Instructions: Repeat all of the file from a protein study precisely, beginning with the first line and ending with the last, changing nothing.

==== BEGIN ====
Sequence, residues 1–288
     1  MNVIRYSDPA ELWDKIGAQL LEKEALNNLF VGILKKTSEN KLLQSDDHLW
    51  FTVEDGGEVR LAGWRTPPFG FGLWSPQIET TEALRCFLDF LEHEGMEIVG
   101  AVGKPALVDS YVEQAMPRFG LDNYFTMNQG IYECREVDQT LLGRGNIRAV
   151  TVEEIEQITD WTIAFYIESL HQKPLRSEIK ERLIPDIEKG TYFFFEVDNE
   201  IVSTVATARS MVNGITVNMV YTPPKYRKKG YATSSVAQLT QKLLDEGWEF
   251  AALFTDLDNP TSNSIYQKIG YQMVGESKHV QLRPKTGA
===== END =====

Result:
Sequence, residues 1–288
     1  MNVIRYSDPA ELWDKIGAQL LEKEALNNLF VGILKKTSEN KLLQSDDHLW
    51  FTVEDGGEVR LAGWRTPPFG FGLWSPQIET TEALRCFLDF LEHEGMEIVG
   101  AVGKPALVDS YVEQAMPRFG LDNYFTMNQG IYECREVDQT LLGRGNIRAV
   151  TVEEIEQITD WTIAFYIESL HQKPLRSEIK ERLIPDIEKG TYFFFEVDNE
   201  IVSTVATARS MVNGITVNMV YTPPKYRKKG YATSSVAQLT QKLLDEGWEF
   251  AALFTDLDNP TSNSIYQKIG YQMVGESKHV QLRPKTGA